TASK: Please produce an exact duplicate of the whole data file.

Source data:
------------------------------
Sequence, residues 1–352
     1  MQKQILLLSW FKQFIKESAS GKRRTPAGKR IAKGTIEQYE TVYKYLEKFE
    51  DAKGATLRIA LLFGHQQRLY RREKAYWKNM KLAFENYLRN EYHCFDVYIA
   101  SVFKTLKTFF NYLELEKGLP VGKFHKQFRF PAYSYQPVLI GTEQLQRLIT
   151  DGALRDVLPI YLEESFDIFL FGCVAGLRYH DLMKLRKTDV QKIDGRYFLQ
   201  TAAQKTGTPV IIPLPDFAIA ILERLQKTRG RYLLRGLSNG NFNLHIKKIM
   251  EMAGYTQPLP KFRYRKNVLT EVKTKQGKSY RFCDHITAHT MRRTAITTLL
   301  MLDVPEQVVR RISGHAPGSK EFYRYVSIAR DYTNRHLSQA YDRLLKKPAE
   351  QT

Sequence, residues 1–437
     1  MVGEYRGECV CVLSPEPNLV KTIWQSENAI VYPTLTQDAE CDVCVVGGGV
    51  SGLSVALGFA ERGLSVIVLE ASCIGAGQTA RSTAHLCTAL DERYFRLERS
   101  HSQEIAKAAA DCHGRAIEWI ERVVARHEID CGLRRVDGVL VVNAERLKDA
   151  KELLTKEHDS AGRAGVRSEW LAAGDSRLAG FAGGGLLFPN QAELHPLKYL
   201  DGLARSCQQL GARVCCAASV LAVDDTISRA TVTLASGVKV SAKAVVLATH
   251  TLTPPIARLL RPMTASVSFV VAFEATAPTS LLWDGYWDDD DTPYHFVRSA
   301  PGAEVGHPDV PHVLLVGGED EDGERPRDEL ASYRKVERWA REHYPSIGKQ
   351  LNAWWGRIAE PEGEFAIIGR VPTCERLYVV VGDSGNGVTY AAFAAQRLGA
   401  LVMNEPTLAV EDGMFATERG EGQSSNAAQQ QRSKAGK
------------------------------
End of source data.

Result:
Sequence, residues 1–352
     1  MQKQILLLSW FKQFIKESAS GKRRTPAGKR IAKGTIEQYE TVYKYLEKFE
    51  DAKGATLRIA LLFGHQQRLY RREKAYWKNM KLAFENYLRN EYHCFDVYIA
   101  SVFKTLKTFF NYLELEKGLP VGKFHKQFRF PAYSYQPVLI GTEQLQRLIT
   151  DGALRDVLPI YLEESFDIFL FGCVAGLRYH DLMKLRKTDV QKIDGRYFLQ
   201  TAAQKTGTPV IIPLPDFAIA ILERLQKTRG RYLLRGLSNG NFNLHIKKIM
   251  EMAGYTQPLP KFRYRKNVLT EVKTKQGKSY RFCDHITAHT MRRTAITTLL
   301  MLDVPEQVVR RISGHAPGSK EFYRYVSIAR DYTNRHLSQA YDRLLKKPAE
   351  QT

Sequence, residues 1–437
     1  MVGEYRGECV CVLSPEPNLV KTIWQSENAI VYPTLTQDAE CDVCVVGGGV
    51  SGLSVALGFA ERGLSVIVLE ASCIGAGQTA RSTAHLCTAL DERYFRLERS
   101  HSQEIAKAAA DCHGRAIEWI ERVVARHEID CGLRRVDGVL VVNAERLKDA
   151  KELLTKEHDS AGRAGVRSEW LAAGDSRLAG FAGGGLLFPN QAELHPLKYL
   201  DGLARSCQQL GARVCCAASV LAVDDTISRA TVTLASGVKV SAKAVVLATH
   251  TLTPPIARLL RPMTASVSFV VAFEATAPTS LLWDGYWDDD DTPYHFVRSA
   301  PGAEVGHPDV PHVLLVGGED EDGERPRDEL ASYRKVERWA REHYPSIGKQ
   351  LNAWWGRIAE PEGEFAIIGR VPTCERLYVV VGDSGNGVTY AAFAAQRLGA
   401  LVMNEPTLAV EDGMFATERG EGQSSNAAQQ QRSKAGK